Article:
• For coating compositions having a mixture of (meth)acryl, allyl ether, and vinyl ether functional groups, a combination of curing procedures may be used. For example, a coating composition having both (meth)acryl and vinyl ether functional groups typically includes an alpha-cleavage type and/or hydrogen abstraction type photoinitiator for the (meth)acryl functional groups and a cationic-generating photoinitiator for the vinyl ether groups.
  • Other methods for curing the coating compositions of the invention can be used alone or in combination with methods described hereinabove. Supplemental curing methods include heat cure, chemical cure, anaerobic cure, moisture cure, oxidative cure, and the like. Each method of cure requires a corresponding curing initiator or curing agent, which is included in the composition. For example, thermal cure can be induced by peroxides, metal drier packages can induce an oxidative cure, and multifunctional amines (for example isophorone diamine) can effect a chemical crosslinking cure through Michael addition of amine groups onto acrylate reactive unsaturated groups. If these additional initiators are present in the coating composition they are preferably present in an amount of at least 0.1 wt %, based on the weight of the coating composition. Preferably, they are present in an amount of no greater than 12 wt %, based on the weight of the coating composition.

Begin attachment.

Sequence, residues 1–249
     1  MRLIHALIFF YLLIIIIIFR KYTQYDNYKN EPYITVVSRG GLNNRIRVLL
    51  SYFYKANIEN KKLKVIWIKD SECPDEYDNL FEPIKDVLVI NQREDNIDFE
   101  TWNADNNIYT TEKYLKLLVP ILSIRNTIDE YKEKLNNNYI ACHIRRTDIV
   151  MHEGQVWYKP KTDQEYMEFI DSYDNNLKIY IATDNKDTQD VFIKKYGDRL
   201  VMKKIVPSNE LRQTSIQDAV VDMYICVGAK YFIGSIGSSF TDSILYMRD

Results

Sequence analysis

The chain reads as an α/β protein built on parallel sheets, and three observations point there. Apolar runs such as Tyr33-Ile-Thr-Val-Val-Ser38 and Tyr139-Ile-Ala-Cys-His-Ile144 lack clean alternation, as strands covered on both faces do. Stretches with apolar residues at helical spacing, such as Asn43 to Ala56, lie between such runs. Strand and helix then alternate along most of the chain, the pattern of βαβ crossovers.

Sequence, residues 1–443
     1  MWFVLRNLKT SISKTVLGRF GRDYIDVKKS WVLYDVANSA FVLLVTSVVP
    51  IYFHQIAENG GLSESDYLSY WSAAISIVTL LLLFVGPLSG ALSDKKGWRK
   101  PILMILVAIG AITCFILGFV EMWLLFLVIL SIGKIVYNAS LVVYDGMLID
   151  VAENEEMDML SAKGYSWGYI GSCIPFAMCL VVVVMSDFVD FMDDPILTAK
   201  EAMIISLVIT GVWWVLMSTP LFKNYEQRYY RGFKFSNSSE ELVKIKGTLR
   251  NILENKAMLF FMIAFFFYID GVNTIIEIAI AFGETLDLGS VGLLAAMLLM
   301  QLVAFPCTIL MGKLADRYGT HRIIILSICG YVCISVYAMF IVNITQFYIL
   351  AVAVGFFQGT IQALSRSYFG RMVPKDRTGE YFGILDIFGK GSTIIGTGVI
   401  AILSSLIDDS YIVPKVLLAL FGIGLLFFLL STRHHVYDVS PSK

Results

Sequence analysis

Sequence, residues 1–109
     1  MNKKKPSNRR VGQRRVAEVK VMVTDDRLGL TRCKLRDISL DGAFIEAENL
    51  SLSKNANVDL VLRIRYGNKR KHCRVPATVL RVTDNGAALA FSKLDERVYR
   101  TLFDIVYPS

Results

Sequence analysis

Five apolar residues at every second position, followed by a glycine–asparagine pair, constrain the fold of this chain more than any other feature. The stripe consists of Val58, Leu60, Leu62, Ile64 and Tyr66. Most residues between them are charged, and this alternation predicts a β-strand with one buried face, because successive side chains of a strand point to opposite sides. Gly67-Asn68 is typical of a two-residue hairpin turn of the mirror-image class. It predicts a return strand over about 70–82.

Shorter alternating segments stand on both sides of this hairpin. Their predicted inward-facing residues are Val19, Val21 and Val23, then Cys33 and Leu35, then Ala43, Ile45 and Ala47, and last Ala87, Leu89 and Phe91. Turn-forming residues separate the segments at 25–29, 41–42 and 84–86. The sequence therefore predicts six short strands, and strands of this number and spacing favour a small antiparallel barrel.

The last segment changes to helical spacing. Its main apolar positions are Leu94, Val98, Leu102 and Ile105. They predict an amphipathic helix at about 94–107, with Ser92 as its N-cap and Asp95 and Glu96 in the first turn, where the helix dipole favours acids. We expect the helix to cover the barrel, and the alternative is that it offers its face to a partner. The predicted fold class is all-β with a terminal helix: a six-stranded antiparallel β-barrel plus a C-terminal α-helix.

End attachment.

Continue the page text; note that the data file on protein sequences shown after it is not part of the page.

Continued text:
• The coating compositions described herein may be applied to a variety of substrates including wood, cement, cement fiber board, wood-plastic composites, tile, metal, plastic, glass, optical fibers, and fiberglass. The coating compositions described herein can be used as a seal coating directly on the surface of the substrate, as a topcoat applied over a stained substrate surface, or overlying another seal coat or topcoat.